“Shout out to all the Ahmads”: A poem beautifully reveals how it feels to be Muslim after the New York bombing

The aftermath.
The aftermath.
Image: Reuters/Rashid Umar Abbasi
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On Monday, Sept. 19, cellphones throughout New York buzzed with an “emergency alert,” a 21st century “Wanted” poster of sorts, with the name “Ahmad Khan Rahami” and the phrase “armed and dangerous.” Limited by outdated technology, the alert didn’t include much information, or even a photo of the suspect.

According to New York mayor Bill de Blasio, the alert helped capture the real Rahami, who was charged today with a bombing in Manhattan’s Chelsea neighborhood that left 29 people injured and a twin explosion in New Jersey. But as several pointed out, the alert’s vagueness also invited suspicion toward anyone who looked like a likely “Ahmad Khan Rahami.”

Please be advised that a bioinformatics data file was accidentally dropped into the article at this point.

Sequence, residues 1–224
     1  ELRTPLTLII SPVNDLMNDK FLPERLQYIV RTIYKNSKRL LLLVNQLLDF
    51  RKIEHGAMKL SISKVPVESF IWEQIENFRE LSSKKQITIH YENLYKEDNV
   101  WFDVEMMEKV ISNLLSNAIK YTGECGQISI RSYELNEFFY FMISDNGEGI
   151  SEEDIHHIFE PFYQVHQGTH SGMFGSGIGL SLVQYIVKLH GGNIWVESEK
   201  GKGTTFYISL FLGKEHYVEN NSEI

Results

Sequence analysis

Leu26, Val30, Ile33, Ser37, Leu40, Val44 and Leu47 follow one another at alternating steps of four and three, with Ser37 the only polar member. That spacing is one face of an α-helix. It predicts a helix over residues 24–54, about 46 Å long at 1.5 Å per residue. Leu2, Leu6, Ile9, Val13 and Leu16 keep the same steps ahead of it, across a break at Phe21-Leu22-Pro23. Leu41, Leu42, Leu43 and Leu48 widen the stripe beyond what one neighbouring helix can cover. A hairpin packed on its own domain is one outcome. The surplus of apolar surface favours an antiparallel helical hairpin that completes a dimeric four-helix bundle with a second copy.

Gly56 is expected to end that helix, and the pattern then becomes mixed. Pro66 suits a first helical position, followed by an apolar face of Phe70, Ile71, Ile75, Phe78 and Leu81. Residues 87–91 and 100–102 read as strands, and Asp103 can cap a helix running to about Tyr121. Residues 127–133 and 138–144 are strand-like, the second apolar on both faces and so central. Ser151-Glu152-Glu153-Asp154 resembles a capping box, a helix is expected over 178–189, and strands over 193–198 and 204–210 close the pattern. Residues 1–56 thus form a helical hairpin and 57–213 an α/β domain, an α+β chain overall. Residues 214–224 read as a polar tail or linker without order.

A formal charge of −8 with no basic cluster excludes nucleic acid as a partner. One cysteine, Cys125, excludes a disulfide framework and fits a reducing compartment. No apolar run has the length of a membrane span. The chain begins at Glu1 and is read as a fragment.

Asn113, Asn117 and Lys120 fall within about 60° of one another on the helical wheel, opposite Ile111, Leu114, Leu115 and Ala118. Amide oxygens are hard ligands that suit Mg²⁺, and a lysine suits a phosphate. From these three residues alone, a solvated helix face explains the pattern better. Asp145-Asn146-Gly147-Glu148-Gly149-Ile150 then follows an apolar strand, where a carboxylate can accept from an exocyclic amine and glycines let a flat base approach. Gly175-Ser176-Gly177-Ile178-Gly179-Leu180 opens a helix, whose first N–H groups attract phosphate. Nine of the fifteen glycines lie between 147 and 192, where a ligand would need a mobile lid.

Hanif Yazdi, who is a graduate student in city planning at the Pratt Institute and works for the city, captured what it meant to be a New Yorker with a Muslim-sounding name in a poem posted on his personal Facebook page. The poem has been shared more than 2,000 times, by Wednesday morning:

Shout out to all the Ahmads
and the Khans and
Rahamis today,
in the cabs and the foodcarts,
in the masjids and the clubs,
in the doctors offices and waiting rooms,
and all the little places in between,
in our most beautiful of cities,

trying to stand tall,
trying to stand clear of the closing doors,
getting alerts in the morning,
looking down at their phones
to see their own beautiful names
on a thousand tiny screens,
and slouching, perhaps
a little further in their seats.

Yazdi told Quartz in a Facebook message that he did not anticipate the poem’s popularity, but that he felt “encouraged by the overwhelming and positive reception.”

“I wrote this poem as a personal act of positive affirmation for members of my family and community who bear names that are often associated with negative portrayals in mass media and public life. I want Muslim New Yorkers to continue to be proud of our city, our communities and our names,” Yazdi wrote.

“It is my hope that all who read this piece remember the humanity and beauty in our diverse communities, even during difficult times.”